The story was prompted by, and drew attention to, a long and generous essay on James’s later poetry published that day in the Australian Literary Review. James was not in hospital when my piece was written. In fact I commissioned a fresh photograph of him == again with his complete consent == taken in his study.

Rundle seems to think there was no possible public interest aspect to the piece. I disagree. It was picked up by mainstream media organisations around the world. I happen to know that James regarded this aspect of the story — its viral afterlife — a “pest”. But he was not unhappy with it as a piece of journalism.

Rundle’s piece for its part is built on a paradox: it is apparently fine for the “gentleman” Stephen Romei to write in this newspaper that James has leukemia, yet strange that I should follow with some details of James’s struggle with the same illness, obtained for purposes of publication with his explicit consent, and used to promote a long essay about his work.

Solar thermal technology:

Peter Wotton writes: Re. “Parkinson: pride and prejudice on solar scheme” (yesterday, item 18). Giles Parkinson wrote:

“Dr David Mills developed his unique solar thermal technology at the UNSW, but was forced to pack up and go to California to seek investment backing and government incentive.”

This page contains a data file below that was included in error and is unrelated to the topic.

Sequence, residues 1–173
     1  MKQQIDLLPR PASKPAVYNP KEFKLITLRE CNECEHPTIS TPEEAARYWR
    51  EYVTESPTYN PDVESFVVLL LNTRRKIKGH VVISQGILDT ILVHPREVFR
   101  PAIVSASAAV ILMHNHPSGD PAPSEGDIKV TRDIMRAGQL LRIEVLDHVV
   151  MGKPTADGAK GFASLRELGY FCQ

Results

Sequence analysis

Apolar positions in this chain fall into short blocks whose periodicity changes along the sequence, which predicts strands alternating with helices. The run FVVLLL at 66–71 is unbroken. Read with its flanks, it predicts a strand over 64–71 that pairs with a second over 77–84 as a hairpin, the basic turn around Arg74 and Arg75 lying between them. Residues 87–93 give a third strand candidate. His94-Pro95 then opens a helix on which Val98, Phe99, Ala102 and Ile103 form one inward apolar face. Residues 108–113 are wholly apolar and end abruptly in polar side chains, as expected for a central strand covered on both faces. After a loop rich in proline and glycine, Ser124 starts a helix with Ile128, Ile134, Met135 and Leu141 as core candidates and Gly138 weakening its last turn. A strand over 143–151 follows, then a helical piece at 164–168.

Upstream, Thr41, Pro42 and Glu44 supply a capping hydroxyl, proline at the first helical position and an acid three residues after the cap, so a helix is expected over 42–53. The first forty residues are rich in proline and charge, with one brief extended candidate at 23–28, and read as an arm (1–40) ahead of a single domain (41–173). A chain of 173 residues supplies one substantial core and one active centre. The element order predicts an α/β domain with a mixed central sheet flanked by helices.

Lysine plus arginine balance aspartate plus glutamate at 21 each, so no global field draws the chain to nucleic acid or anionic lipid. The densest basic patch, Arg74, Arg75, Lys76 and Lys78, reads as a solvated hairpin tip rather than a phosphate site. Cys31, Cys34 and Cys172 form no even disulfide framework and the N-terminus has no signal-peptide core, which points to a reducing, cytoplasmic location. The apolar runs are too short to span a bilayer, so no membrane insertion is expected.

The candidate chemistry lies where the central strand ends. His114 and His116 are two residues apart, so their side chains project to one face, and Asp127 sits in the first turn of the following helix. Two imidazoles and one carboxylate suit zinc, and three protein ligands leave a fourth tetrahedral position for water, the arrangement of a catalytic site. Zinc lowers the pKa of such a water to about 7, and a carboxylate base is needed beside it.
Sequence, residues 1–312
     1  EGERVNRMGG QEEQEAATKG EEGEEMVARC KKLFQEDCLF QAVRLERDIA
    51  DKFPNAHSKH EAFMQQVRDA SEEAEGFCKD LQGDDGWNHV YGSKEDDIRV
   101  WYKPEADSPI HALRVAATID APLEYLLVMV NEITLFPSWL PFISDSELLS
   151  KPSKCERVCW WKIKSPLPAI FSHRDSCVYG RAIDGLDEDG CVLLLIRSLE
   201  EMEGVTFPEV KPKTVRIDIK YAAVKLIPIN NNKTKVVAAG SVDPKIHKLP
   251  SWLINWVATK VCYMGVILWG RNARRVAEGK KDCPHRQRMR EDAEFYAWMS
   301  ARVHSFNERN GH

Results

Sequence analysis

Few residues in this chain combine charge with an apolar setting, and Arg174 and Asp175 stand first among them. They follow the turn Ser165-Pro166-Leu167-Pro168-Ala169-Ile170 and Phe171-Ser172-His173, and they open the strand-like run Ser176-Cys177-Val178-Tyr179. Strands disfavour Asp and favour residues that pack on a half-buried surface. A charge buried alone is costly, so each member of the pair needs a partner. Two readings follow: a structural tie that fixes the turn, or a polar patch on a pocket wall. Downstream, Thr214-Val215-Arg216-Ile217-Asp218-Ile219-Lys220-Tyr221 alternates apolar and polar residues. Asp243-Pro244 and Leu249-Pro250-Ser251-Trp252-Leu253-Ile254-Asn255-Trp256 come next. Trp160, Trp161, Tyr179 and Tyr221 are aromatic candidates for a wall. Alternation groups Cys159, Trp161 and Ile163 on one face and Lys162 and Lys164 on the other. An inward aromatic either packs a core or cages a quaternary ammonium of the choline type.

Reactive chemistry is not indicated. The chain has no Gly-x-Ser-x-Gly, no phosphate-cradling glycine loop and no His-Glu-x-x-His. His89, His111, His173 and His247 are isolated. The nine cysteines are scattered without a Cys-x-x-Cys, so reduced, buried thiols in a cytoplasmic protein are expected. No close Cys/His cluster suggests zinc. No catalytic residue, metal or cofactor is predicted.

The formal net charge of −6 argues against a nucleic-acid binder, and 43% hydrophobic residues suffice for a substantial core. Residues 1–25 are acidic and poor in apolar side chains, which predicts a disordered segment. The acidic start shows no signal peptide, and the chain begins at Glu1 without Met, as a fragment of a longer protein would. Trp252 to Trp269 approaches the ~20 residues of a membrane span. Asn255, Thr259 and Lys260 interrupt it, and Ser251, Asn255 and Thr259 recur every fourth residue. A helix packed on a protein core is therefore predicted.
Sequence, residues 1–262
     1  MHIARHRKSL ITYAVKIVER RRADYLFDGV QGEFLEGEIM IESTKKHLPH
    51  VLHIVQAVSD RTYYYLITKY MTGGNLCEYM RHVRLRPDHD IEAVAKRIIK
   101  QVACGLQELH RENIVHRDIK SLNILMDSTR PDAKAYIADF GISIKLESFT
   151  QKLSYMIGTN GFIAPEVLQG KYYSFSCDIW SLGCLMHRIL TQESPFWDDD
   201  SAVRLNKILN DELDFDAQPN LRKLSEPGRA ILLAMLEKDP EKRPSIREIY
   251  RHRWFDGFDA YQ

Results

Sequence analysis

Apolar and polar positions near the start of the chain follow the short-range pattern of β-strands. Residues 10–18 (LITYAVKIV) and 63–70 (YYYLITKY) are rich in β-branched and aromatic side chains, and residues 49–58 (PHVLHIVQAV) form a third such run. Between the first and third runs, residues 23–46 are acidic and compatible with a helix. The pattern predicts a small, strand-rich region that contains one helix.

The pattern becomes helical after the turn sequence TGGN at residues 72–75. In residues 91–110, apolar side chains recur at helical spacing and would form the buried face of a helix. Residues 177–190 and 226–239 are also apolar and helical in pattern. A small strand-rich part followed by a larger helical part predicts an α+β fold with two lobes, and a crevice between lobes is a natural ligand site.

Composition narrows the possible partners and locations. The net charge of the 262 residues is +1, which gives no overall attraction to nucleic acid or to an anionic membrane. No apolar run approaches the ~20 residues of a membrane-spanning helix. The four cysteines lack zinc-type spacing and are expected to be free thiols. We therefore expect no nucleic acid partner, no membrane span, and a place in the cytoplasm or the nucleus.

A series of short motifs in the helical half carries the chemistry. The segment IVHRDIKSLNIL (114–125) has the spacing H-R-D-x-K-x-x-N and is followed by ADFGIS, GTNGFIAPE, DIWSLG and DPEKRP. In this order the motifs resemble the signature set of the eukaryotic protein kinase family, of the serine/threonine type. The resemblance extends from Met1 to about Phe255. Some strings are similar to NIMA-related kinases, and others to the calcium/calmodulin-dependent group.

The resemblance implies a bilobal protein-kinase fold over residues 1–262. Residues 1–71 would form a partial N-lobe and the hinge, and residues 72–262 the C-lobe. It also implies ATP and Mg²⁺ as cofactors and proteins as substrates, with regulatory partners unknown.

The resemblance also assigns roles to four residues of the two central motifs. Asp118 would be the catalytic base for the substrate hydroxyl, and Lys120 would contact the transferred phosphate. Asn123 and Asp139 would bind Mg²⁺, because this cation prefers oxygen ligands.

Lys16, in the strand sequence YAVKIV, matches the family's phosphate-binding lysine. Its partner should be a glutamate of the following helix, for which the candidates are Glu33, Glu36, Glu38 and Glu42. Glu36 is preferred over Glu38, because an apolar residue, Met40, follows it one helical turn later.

I understood that Dr David Mills developed his unique solar thermal technology at the University of Sydney, not UNSW as reported in Crikey on Monday. Certainly it was on the roof of the Physics building at Sydney Uni where Dr Mills first showed me prototypes of his system. UNSW was the leader in  photo voltaic systems, not solar thermal.


Steve Pratt writes: Re. “Lord Monckton participation ruffles feathers at mining gabfest” (yesterday, item 3). Andrew Crook refers to Perth’s Burswood Casino as “salubrious”.

The irony of referring to a casino as “health-giving; healthy” (Oxford English Dictionary) is not lost when this story is followed — almost immediately — by one that starts, “It’s not uncommon to watch belligerent gamblers being marched out of Crown Casino by security after one too many bad bets. Boozed-up punters are regular fixtures on the gaming room floor despite laws banning gambling while drunk”.

There ain’t nothing healthy about a casino.


Derryn  Hinch writes: Re. “Last Bets: a gambling palace through the dealer’s eyes” (yesterday, item 5). Your student journalist Esther Ooi says she “unintentionally spent more than three hours wandering through the gaming room floor” at Crown. That’s a lot of wandering. How long did she intend to spend? Didn’t her feet get sore?


Guy Rundle writes: Sinclair Davidson, prominent neoliberal, economic rationalist, RMIT professor, chides me for getting the trains from Altona wrong (yesterday, comments). In a dig at his snide laughter at people from Altona campaigning against service cuts I noted that they were “protesting the withdrawal of train services that now requires them to change trains twice to get to the city”.

Davidson then wrote:

“For his information it takes three trains to get from Altona to the Melbourne city loop, not two as he inaccurately reported on Friday.”

Yes, Professor, it does take three trains. And in order to take three trains, you must change trains twice. Ah well. At least he’s not being relied on for expert economics opinion anytime.

Peter Fray